Creator Handbook


Promoting your campaign

  1. The launch
    • The first 48 hours of your crowdfunding campaign are critical. In fact, the launch is the most important thing you will do. Getting off to a good start will build your momentum and hold you in very good stead for the entire campaign.
    • Announce it to your close friends and family members via Facebook page, Twitter followers, email list, Instagram, Pinterest, Google + and whatever to be the first batch of backers. The bigger your network, the more people you will have to draw on for pledges.
    • Reach out to your network, communities or person with higher profile to help you spread the word.
    • Create hype around the launch. Offer certain rewards for a limited time or at a discounted price for the first couple of days. Do a countdown. Release teaser videos. You want as many people as possible anticipating when you go live.
  2. Social media
    • Always remember - less text, more images. Project update can include any story, new development, process that everybody finds fun to follow along with. Don’t be shy to post every day. 
    • Only 20% of your posts should directly ask people to pledge to your campaign. 80% should be more meaningful things like exciting project news or relevant worldly developments, with your Mystartr link at the end. If you continually just ask people to pledge you will lose their interest.
    • Plan your social media posts before beginning your campaign. You will save time and the posts will be better thought out.
    • Send personal message to follow up individually.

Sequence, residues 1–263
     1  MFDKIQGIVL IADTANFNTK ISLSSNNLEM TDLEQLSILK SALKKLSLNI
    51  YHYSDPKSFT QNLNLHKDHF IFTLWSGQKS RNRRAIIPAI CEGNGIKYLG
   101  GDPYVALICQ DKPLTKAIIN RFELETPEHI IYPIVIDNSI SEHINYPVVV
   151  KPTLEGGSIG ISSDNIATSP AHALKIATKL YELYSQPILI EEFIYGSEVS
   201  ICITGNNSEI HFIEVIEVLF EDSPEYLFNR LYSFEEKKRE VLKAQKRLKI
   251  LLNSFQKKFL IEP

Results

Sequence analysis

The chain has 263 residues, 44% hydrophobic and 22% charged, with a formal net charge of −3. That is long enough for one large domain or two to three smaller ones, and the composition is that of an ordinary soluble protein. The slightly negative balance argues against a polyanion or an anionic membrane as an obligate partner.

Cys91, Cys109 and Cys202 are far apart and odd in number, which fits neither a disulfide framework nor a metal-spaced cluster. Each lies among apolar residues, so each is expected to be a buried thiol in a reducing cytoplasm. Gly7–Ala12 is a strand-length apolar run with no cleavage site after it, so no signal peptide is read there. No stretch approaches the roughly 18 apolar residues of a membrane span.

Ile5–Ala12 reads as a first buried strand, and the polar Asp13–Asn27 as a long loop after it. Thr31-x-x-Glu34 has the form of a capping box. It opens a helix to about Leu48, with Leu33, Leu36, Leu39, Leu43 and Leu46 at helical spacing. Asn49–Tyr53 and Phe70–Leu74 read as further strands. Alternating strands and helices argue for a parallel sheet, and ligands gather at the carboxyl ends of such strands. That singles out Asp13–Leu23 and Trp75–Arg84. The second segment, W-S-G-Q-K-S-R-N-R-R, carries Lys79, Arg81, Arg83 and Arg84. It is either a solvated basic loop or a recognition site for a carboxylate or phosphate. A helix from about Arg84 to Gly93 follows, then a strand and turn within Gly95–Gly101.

3. Mystartr
    • Post update in MyStartr > Updates consistently, email notification will be sent to every supporter.
    • You may receive a steady stream of comments and messages from backers. Remember to check in Comments frequently and respond to individual concerns. 
  4. PR campaign
    • Find venues to publicise to the media about your idea, not just raising for fund.
    • Write a press release for your campaign. Crowdfunding is popular in the media and there is every chance you will receive coverage.
    • Make sure you target and tailor your press release for relevant publications and journalists.
    • Make sure what you put in the press release is newsworthy. Get the hook across early so the journalist is inclined to read on.
    • Include high resolution images (300dpi) when you send out your media release.
    • Set up an event or a small party to rally close fans, friends, and backers. It makes it easier for less computer-savvy people to back the project.
  5. Get creative 
    • Be creative in everything you do. Your homemade video, your social media posts, your descriptions, your rewards, your publicity. 
    • Add as many team members as you can and encourage them to get right behind the campaign. Remember, many people will pledge to support a person rather than an idea. The more people you have promoting, the more pledges.
    • It can be tricky to keep people engaged throughout the middle of your campaign but if you can manage it you will see a big upward swing in pledges in the days leading to your deadline. Don’t get too disheartened if things slow down in the middle, it happens to everyone. What’s important is you keep communicating during this period.
    • Keep people engaged throughout the middle. You can do things like release new Rewards, create new videos or write thank you’s on the walls of people that have pledged. There are many ways to do it, you just need to use your imagination.